Overview of emergency communications

2010 Combienbar search smoke flareThere are better options for emergency communications than this!

Communications technology has improved considerably over the last couple of decades.  There are now several types of emergency communication devices suitable for bushwalking: mobile phone; satellite phone, tracking device or personal locator beacon (PLB).

At least one emergency communication device should be carried on a bushwalking or ski touring trip.

Mt Stirling Safety Sign 2018
Out-of-date safety sign at a Victorian ski field. What’s missing? *answer below

For the bushwalker and ski tourer deciding on the purchase of an emergency communication device, what are the options?  Which type is most suitable for the trips likely to be undertaken?

When planning a particular trip choose the most appropriate communications device.  It may be a device owned by a group member or it may be necessary to borrow or hire the device.  

Two-way communications via a mobile or satellite phone is the ideal and the most effective means of communication in a distress situation, for these reasons:

  • Instant confirmation that the call has been received by emergency services.
  • Ability to communicate position, nature of distress, assistance required.
  • Emergency services can adequately scale the response according to the required assistance.
  • Ability to provide updates and also receive advice until emergency services arrive.

A mobile phone may be sufficient on some trips. Nearly everyone owns one and most people know how to use one.  It provides cheap and effective two way communication that can arrange a tow for a bogged vehicle or get the latest weather forecast, as well as obtain assistance in an emergency.

However, many bushwalking areas have no mobile phone coverage and satellite phones are costly and heavy.  Although the ideal, two-way communication may not always be practical or achievable.

The following sections review the types of emergency communications devices available and the advantages and limitations of each.

Factors to consider are:

  • One-way or two-way communication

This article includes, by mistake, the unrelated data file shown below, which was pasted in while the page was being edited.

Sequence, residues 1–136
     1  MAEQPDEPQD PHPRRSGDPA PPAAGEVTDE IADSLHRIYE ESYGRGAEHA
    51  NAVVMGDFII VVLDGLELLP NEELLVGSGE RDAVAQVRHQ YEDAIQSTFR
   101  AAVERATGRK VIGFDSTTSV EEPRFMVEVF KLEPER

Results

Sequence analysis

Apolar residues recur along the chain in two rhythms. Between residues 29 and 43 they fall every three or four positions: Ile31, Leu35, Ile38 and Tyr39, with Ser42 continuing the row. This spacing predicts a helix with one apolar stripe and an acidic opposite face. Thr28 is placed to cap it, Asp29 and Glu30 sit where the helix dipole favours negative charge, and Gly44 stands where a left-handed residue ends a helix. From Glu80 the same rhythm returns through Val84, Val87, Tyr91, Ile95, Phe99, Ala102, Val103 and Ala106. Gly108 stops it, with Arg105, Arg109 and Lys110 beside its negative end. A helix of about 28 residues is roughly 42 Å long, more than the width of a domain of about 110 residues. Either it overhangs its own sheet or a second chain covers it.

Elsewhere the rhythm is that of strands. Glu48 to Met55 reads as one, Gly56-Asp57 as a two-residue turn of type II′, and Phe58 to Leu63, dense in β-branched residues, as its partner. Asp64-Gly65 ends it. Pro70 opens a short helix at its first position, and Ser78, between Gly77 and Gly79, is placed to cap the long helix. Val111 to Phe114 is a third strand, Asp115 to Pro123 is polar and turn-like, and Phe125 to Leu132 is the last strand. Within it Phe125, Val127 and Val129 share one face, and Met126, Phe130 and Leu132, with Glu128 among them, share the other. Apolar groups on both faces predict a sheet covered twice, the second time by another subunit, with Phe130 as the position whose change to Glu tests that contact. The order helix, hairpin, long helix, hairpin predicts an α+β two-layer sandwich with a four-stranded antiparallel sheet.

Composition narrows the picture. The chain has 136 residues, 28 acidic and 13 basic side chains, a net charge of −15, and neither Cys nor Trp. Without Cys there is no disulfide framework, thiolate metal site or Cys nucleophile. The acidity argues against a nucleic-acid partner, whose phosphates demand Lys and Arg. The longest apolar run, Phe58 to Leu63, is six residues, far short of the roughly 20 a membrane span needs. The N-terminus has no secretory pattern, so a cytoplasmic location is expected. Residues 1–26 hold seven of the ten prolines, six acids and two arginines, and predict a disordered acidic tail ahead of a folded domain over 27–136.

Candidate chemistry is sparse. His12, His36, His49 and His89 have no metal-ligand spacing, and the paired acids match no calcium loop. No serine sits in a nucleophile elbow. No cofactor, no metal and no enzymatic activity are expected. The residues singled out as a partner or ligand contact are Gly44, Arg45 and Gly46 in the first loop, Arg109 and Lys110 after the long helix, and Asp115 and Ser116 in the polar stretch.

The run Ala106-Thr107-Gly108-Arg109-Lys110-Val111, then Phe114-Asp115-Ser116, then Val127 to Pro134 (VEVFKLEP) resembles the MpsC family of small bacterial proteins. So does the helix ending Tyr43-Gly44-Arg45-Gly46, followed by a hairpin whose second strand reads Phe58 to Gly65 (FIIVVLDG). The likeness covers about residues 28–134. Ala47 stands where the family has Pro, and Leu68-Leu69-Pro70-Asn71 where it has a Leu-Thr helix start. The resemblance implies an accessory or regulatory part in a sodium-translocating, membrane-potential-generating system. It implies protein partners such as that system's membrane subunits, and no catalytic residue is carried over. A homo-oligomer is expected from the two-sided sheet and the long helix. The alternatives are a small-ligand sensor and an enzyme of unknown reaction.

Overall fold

• Cost to purchase, cost to use and cost to maintain
  • Battery type and life
  • Weight and bulk
  • Ease of use in difficult circumstances
  • Single purpose or multipurpose device

Determining location in an emergency

Emergency services need a location in order to provide assistance to avoid a time consuming and costly search.   Each type of emergency device discussed has a built in GPS, so an accurate location is available. Location is sent automatically when a PLB or tracker SOS is activated.

In the case of a mobile phone or sat phone, the user should know how read the location from the device so that information can be included in a voice call or text message, where the device lacks the capability to do that automatically.

Note: The following sections avoid excessive technical detail.

Read the instructions and practice

It is crucial that at least two group members are thoroughly familiar with the device carried to ensure that it can be used effectively in difficult circumstances.  This includes knowing who has the device, where it is stowed, and any PINs or passwords.

A PLB has only 1 button and requires no practice, and everyone is familiar with a mobile phone.  However, satellite phones and some trackers are not intuitive to use and require regular practice.  

Caution

Carrying an emergency communication device is no substitute for careful planning, good bush and navigation skills, appropriate fitness and equipment and sound leadership.

Bushwalking and ski trips should take into account all participants’ skills and experience, and the group should be of sufficient size and ability.  Meeting these basic requirements for safety should ensure the planned activity is safe and enjoyable. External assistance should not be required except for unusual or unexpected circumstances.

Other considerations

  • Some Clubs own a device for use on club trips; a very cost effective option.
  • Solo walkers should consider a tracker, as the passive tracking function is a useful safety backup.
  • PLBs and satellite phones can often be hired.
  • The device should be in a protective and waterproof pouch in a secure and accessible location.
  • Keep emergency communication devices away from curious young children.  
  • If there is a possibility that a group may split during the trip, then two devices should be carried.
  • On trips for beginners or children, for example a ski touring trip for novices, good mobile phone coverage should be a consideration when planning.

 

*What’s missing on the sign? Perhaps:

  • Check the weather forecast?
  • Carry a mobile phone?